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Trauma Tree

Perfectionism: The Rotten Fruit

July 1, 2018

Meet today’s case example, Jessica. She’s not a real client; however she certainly could be!

Jessica’s never experienced anything like sexual abuse, war, child abuse, or really anything except the ordinary bumps of life. To the outsider, she’s dependable, conscientious, maybe a little shy, and generally a pretty good person. Jessica has a secret. She’s a perfectionist.

The Symptoms of Perfectionism

Perfectionism is driven by the fear of not being good enough, and it comes with a ton of problems. For Jessica, the problems include procrastination, obsessing over her appearance, and restricting her activities. When a task or event outside of her comfort zone comes up, Jessica is immobilized with fear. She experiences panic attacks; calls in sick to work when she’s not; begs out of social engagements, and ruminates for hours before she finally falls asleep. These behaviors didn’t just magically show up one day, it’s an ongoing pattern that gets worse with time.

How It All Started

It started in childhood, and from an adult perspective, the event seems benign. However, when a person’s capacity is overwhelmed, it results in trauma. It’s almost a given that most trauma occurs in childhood. Children are more vulnerable to trauma for two reasons. Firstly, their brains are not fully mature and they don’t have the same reasoning capacity as an adult. Secondly, they’re highly dependent on others. Consequently, things that happen in childhood often leave long-lasting impressions. Even when a person comes from the most loving family, trauma may still develop. Let’s see how it started for Jessica.

One day, five year-old Jessica and her best friend Sally were in the backyard playing on the swing set. Out of nowhere, Sally pushed Jessica off of the swing. Jessica fell, scrapped her knee, and began to cry. She was completely confused about what happened. It was hard to understand why her best friend did such a thing. Jessica thought that she must have done something wrong to deserve such treatment. She concluded that she wasn’t a good enough friend, because why else would Sally have pushed her? (Remember, that as far as the natural course of brain development goes, all young children are egocentric–the world revolves around them. It’s a natural and healthy stage of development.)

To avoid being hurt again, Jessica made an unconscious decision to be vigilant about her behaviors, and to never not be good enough again. In other words, to cover up the limiting belief that she’s not good enough, Jessica needs to engage in perfectionism. She needs to show everyone around her that she is good enough–that she is a good little girl.

What Keeps It Going

It doesn’t end there. Jessica’s ‘good’ and ‘perfect’ behaviors are rewarded by parents, friends, coaches, and school teachers. Her parents describe her as obedient and shy. Teachers say she is smart and quiet. The feedback that Jessica receives only serves to reinforce perfectionism. However, underneath it all, Jessica never feels good about any of the compliments. It’s like the compliments belong to someone else, and sometimes she inwardly hates praise. It feels like she doesn’t deserve the credit. She feels like a fraud. In her heart, she never feels good enough.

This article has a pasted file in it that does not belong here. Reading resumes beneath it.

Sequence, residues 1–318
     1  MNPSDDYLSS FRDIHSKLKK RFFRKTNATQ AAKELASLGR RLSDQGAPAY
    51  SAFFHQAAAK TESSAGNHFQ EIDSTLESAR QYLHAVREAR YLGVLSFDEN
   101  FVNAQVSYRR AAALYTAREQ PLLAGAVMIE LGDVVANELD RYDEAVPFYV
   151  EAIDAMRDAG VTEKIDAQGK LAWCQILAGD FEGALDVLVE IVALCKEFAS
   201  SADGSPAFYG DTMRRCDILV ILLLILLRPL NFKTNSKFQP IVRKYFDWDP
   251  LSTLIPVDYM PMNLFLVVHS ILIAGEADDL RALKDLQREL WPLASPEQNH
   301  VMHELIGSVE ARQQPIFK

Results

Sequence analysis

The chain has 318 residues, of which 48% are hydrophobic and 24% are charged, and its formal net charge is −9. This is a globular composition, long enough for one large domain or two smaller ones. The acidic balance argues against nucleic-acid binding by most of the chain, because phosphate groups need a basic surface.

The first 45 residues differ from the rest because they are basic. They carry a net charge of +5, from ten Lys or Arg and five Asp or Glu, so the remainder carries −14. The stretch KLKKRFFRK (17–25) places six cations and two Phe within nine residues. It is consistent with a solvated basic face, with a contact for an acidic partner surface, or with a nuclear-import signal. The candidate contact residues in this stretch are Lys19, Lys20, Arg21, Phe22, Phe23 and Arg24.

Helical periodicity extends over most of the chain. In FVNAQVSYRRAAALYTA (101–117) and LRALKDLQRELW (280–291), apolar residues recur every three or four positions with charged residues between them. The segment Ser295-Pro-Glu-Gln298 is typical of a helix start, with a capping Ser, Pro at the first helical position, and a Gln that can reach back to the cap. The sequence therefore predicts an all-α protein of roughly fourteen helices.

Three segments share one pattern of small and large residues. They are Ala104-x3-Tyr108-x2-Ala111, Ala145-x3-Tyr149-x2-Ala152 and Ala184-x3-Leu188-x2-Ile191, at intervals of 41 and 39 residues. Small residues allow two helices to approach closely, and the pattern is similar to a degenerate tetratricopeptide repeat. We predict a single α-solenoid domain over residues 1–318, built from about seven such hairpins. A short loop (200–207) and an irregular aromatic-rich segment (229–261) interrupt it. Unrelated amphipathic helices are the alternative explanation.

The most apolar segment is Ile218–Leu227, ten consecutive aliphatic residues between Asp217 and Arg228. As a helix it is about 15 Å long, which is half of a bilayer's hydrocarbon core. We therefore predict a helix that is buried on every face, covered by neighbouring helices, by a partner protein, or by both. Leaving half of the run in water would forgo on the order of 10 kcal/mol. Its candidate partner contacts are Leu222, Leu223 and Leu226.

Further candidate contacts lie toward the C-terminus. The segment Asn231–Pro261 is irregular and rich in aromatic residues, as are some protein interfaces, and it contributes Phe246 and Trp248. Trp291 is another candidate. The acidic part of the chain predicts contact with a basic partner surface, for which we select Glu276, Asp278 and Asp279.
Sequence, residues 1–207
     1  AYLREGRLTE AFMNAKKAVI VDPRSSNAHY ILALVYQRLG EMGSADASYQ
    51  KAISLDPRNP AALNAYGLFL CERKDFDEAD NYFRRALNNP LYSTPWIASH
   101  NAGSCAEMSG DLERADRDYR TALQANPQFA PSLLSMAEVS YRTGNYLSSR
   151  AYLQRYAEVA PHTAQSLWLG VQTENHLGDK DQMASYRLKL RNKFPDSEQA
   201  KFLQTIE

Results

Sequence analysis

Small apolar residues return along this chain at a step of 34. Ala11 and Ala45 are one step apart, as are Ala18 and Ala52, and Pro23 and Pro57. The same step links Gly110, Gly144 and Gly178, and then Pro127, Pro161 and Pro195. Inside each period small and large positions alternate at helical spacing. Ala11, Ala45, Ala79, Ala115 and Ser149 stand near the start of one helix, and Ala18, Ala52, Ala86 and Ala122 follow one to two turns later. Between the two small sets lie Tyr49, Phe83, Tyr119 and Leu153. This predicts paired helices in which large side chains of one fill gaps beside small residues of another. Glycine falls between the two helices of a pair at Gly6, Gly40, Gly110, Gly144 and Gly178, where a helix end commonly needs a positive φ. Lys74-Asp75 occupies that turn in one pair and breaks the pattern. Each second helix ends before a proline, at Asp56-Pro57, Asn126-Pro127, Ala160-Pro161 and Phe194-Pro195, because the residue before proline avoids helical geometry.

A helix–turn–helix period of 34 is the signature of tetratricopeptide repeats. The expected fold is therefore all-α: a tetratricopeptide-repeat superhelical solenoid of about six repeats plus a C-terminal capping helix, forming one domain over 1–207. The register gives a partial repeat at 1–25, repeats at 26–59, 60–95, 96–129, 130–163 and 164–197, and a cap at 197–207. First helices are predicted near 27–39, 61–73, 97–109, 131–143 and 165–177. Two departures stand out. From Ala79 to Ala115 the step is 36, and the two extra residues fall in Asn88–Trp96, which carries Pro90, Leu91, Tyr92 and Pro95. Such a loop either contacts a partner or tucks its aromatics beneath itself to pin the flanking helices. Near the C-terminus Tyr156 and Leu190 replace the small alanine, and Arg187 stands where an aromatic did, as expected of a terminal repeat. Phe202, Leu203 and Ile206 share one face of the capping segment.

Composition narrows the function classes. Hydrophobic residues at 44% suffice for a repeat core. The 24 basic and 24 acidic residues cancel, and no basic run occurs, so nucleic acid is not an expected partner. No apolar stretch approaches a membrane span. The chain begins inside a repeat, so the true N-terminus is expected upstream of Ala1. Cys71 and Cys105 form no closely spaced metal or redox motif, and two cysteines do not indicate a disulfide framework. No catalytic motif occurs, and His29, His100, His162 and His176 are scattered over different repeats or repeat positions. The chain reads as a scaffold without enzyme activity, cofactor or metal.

Perfection Is Not Protection

As Jessica matures, she realizes that obtaining perfection is a myth; however, that doesn’t deter her pursuits. She spends more time, money, and energy to look and be perfect to everyone around her. Little things  happen that throw Jessica into a spiraling states of anxiety.  Like when she spilled food on her blouse at work, she panicked, felt embarrassed, inwardly berated herself, and hurried home from work so that no one would see the food stain. For Jessica, a little stain causes big problems.

The Poisonous Apple Tree of Trauma

An apple seed is small and, in and of itself, has very little power to do anything. However, plant, fertilize, and water that little seed, and watch it grow into a massive fruit-bearing tree. The tree is strong, and the fruit is plentiful. Seemingly innocent events, like being pushed off a swing set, can plant a future trauma tree. The little seed grows faster and stronger with other uncomfortable incidents acting as fertilizer (a.k.a. other shitty events) and acknowledgements acting as water (praise, and positive or negative attention).

Given enough time, the seed of trauma develops into a huge tree with a lot of fruit (behaviors, thoughts, emotions). It’s only when the fruit hits the ground and rots open, that we see that the seed and the tree are the same thing. The reason why we don’t recognize Jessica’s behaviors as trauma is because the seed doesn’t look like the tree, and the tree doesn’t look like the seed.

Chop Down the Apple Tree

Jessica’s not doomed, and neither are you. Perfectionism, avoidance, procrastination, depression, anxiety, phobias and low self-esteem are all trauma trees. Their symptoms are simply the fruit from the tree. The good news is that you don’t have to live in an overgrown orchard. We specialize in the treatment of trauma. In fact, the Unstuck Method is designed to chop down apple trees. Help is available, and when you’re ready, we’ll be here.